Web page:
By Ibidapo Balogun
It was the first victory for the Federal Government in its bid to stop the National Assembly from further amending the 1999 Constitution.
The Supreme Court on Thursday ordered the federal lawmakers to stop taking further steps towards tinkering with the document.
The government, through the Attorney-General of the Federation (AGF) and Justice Minister, Mohammed Adoke (SAN), had sued the federal lawmakers, complaining of the plan to alter some sections of the constitution.
Chief Justice of Nigeria (CJN), Justice Mahmud Mohammed, who led a seven-man panel of Justices, ordered the National Assembly to maintain the status quo on the matter until June 18.
President Goodluck Jonathan who spearheaded the litigation at the apex court would have left office by then. He will hand over to President-elect Muhammadu Buhari on May 29.
By June 18, a new set of leadership would have emerged in the National Assembly.
This is due to the fact that the ruling Peoples Democratic Party (PDP) lost its majority status in the two chambers to the All Progressives Congress.
Although Senate President, David Mark, was re-elected on March 28, the APC will produce his successor in early June.
Speaker of the House of Representatives, Aminu Tambuwal, is not returning to the lower chamber as he was elected governor of Sokoto State on April 11.
President Jonathan had withheld his assent to the amendments to some sections of the 1999 Constitution and instituted a suit against the National Assembly at the Supreme Court to annul the amendments.
The CJN also directed the issuance of hearing notice on the National Assembly for its principal officers to appear on June 18 to respond to the suit and defend their actions.
Justice Mahmud Mohammed ordered that the status quo should be maintained till the hearing of the suit on June 18 to give the counsel to the Federal Government, Mr Bayo Ojo (SAN), adequate time to prepare to address the court on salient constitutional issues raised in his originating processes.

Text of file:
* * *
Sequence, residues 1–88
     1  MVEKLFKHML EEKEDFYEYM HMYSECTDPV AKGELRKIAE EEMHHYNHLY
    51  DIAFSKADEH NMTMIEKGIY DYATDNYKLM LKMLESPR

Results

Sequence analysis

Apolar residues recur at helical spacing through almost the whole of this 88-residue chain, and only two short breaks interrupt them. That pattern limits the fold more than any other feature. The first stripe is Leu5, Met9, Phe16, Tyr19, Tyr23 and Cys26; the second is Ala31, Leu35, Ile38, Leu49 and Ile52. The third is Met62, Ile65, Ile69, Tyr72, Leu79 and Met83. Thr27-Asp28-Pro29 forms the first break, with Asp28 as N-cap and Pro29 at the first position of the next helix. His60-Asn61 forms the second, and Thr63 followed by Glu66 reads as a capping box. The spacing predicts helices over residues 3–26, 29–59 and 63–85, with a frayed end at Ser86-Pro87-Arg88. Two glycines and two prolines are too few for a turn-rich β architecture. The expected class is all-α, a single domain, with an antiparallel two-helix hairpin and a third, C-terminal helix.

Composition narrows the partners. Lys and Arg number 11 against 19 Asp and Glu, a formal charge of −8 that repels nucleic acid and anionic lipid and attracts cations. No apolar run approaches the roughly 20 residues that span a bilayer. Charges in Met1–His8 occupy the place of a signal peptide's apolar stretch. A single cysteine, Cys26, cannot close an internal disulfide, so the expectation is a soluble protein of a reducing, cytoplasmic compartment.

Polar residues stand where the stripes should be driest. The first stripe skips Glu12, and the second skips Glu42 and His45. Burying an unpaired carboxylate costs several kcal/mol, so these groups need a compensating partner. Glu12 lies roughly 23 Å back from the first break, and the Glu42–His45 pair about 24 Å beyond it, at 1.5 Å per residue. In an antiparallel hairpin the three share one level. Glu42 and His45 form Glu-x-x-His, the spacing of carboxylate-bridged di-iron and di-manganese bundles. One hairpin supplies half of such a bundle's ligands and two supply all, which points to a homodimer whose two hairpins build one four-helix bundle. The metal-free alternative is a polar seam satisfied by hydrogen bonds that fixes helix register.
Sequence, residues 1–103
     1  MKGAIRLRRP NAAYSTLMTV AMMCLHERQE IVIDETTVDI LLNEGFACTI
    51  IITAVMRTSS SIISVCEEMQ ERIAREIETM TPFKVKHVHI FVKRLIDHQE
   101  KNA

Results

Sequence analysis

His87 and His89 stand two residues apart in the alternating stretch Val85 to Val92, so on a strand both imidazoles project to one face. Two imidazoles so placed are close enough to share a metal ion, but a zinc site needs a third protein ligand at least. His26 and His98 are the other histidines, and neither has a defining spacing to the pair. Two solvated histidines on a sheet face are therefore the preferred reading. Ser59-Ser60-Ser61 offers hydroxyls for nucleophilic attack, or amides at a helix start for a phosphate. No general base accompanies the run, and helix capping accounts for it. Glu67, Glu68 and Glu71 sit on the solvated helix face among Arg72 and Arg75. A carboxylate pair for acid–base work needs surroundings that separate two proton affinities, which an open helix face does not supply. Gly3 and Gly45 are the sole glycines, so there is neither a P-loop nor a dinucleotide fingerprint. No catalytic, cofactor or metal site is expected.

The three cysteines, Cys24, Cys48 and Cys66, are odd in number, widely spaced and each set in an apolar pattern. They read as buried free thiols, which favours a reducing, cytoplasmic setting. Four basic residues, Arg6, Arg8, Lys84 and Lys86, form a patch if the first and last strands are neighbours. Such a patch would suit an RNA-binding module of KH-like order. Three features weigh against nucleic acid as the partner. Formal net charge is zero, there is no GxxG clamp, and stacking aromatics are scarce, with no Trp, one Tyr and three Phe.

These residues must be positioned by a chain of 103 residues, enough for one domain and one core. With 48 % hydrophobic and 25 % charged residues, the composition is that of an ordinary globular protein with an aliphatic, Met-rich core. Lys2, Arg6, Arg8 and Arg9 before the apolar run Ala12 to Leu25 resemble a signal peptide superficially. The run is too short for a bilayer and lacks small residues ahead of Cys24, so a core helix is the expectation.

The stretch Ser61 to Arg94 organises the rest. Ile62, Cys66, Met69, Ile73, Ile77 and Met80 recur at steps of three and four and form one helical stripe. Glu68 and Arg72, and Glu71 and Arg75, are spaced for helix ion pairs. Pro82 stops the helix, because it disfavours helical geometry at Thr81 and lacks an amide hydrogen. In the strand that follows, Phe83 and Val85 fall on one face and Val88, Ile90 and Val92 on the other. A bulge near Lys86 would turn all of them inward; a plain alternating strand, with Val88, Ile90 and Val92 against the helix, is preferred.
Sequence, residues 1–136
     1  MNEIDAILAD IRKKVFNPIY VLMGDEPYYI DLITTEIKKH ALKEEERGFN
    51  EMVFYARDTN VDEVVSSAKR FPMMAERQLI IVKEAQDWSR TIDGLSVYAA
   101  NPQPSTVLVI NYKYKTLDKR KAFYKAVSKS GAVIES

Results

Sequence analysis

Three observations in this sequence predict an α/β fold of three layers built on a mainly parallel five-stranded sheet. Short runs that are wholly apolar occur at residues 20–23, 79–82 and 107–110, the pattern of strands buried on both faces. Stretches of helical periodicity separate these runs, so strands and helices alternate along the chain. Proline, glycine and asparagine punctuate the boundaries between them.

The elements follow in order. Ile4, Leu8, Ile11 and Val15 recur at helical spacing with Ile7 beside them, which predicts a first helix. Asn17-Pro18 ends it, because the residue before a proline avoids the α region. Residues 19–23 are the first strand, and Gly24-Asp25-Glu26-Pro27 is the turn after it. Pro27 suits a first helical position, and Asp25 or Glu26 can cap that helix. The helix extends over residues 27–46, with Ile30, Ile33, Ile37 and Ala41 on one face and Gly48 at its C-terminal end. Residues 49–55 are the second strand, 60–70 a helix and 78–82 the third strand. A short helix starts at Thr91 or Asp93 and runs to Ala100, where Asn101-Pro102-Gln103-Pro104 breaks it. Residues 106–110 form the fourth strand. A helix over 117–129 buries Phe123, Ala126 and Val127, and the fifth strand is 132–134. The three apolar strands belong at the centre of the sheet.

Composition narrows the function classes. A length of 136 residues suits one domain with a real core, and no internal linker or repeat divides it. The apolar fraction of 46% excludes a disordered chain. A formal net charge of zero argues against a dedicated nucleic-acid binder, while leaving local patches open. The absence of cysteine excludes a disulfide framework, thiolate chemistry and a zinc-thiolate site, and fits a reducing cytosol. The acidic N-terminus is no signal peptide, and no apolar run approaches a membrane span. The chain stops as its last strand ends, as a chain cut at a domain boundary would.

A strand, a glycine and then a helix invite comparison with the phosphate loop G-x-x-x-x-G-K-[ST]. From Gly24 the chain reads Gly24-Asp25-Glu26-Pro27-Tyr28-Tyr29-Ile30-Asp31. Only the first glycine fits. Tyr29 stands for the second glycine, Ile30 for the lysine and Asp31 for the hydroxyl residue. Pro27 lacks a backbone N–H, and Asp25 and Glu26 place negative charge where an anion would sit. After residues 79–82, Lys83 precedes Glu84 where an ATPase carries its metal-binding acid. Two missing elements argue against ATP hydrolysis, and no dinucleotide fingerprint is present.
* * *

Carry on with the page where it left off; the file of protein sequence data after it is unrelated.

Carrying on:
The CJN also ordered that hearing notice be issued and served on the National Assembly (respondent), which was not represented in court, to enable it to appear before the court on the adjourned date.
The CJN said: “Meanwhile, the status quo ante should be maintained. No further action should be contemplated or taken by either party, till the hearing and determination of the case.
“We want to give adequate time to the plaintiff’s counsel to go back and look into the totality of the originating process and come back to address the court on salient issues surrounding SC Cap S16 LFN, 2004, and S232 CFRN.
“The states are also involved in the process leading to the constitutional amendment.’’
Earlier, Ojo told the court that the subject matter of the suit was the President’s grouse against the procedure employed by the federal lawmakers in the amendment to the Fourth Schedule of the Constitution.
The President’s counsel said that the National Assembly ought to have complied with Sections 8 and 9 of the constitution in carrying out the amendment, which necessitated the President withdrawing his assent.
Jonathan had in a seven-page letter to Mark and Tambuwal, queried National Assembly’s decision to whittle down some executive powers of the president.
The President had faulted some aspects of the amendments which give executive powers and duties to the legislature and the judiciary, being reasons for his refusal to sign the document into law.
“In view of the foregoing and absence of credible evidence that the Constitution of the Federal Republic of Nigeria (Fourth Alteration) Act 2015 satisfied the strict requirements of Section 9(3) of the 1999 Constitution, it will be unconstitutional for me to assent to it,” the president had said.
Ojo, in the suit filed on behalf of the President and Attorney-General of the Federation, however, argued that the amendment passed by NASS did not have the mandatory requirement of four-fifth majority of the National Assembly.
The government also requested the Supreme Court to give an order nullifying and setting aside Sections 3, 4, 12, 14, 21, 23, 36, 39, 40, 43 and 44 of the Fourth Alteration Act, 2015 purportedly passed by the legislature.
Ojo argued that the defendant was making moves, with the tacit consent of state legislators, to employ certain provisions of the Constitution to pass the purported Fourth Alteration Act, 2015 into Law.
According to the plaintiff’s counsel, the Fourth Alteration Act 2015 contains many proposed amendments inconsistent with the spirit of federalism, separation of powers, checks and balances.
He argued that it would be in the interest of justice to grant all prayers sought because most of the provisions of the purported Fourth Alteration Act 2015 are contrary to public policy and good governance.
The National Assembly had before the filing of the suit by the Federal Government and Thursday’s order for the maintenance of status quo, said after 30 days, it would override the veto of the president.